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The Definitive Guide to Franklin/Sterling Hill Wollastonite

Click to view the pdf

A regularly recurring question in our Facebook Fluorescent Mineral Group is the differences between the various wollastonites found the the Ogdensburg area (areas around Franklin NJ). If you are a serious Franklin collector you can almost identify what boulder at which level in the mine a particular specimen was found, but most of us haven't spent our lives around Franklin, and just get to enjoy specimens we have silver picked - often with wrong or no IDs.

Dick Bostwick, one of the most knowledgeable folks around (in our fluorescent world) wrote an article for the FOMS Picking table in 2004 (Vol. 45, #2 Fall Issue) - "Wollastonite from Franklin NJ" and it is the definitive guide for the mineral. It is reposted here under a creative commons licence. Below is a preface of the introduction by Dick, with a link to the full pdf file.

Click the cover to the right to view, or the complete pdf can be downloaded here: FOMS Picking Table, V45, #2

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(Excerpt): "Wollastonite is one of the most attractive fluorescent minerals of the Franklin-Sterling Hill district, where it exhibits a remarkable range of form, associations, and fluorescence. Other than the ubiquitous green-fluorescing willemite and red-fluorescing calcite for which the area is famous, Wollastonite is one of the most widely distributed fluorescent minerals at both the Franklin and Sterling Hill mines. Its fluorescence ranges from pale greenish yellow through orange-yellow and yellow-orange to deep orange and is best seen under shortwave ultraviolet (UV) radiation. Throughout this article, observations of mineral fluorescence have been made under shortwave UV unless specified otherwise.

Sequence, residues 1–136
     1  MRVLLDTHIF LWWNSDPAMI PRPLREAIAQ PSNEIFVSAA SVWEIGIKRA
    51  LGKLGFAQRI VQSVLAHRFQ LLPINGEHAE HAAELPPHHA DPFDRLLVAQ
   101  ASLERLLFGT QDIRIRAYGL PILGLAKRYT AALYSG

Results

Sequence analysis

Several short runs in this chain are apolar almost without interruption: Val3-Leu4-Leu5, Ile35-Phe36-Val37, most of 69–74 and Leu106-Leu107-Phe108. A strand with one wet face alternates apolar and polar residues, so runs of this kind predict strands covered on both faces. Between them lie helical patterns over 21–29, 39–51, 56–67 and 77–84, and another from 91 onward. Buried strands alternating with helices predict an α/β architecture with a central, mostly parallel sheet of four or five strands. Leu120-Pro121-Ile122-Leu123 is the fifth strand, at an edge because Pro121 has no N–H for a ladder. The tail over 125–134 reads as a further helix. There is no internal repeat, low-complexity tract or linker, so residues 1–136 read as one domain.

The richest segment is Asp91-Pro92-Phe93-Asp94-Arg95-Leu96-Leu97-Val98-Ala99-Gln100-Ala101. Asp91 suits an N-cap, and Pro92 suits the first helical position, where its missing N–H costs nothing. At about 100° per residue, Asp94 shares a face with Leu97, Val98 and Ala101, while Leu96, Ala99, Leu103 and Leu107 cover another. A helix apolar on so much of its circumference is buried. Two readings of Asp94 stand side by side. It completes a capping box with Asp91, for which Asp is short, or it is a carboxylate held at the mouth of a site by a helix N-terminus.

As Franklin and Sterling Hill Wollastonite is almost always associated with calcite, and occasionally with willemite and other fluorescent minerals, specimens are usually quite attractive "under the lamp." At Franklin more than anywhere else, there are many visually distinctive types of Wollastonite that are eagerly sought by collectors. Describing and illustrating these many "finds" is the purpose of this article.

While not all of them are equally spectacular, the finest examples of Franklin Wollastonite are among the best fluorescent specimens in the world: shockingly bright and vibrant with contrasting fluorescent colors of orange, red, green, and violet."

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Read the rest of the article here:

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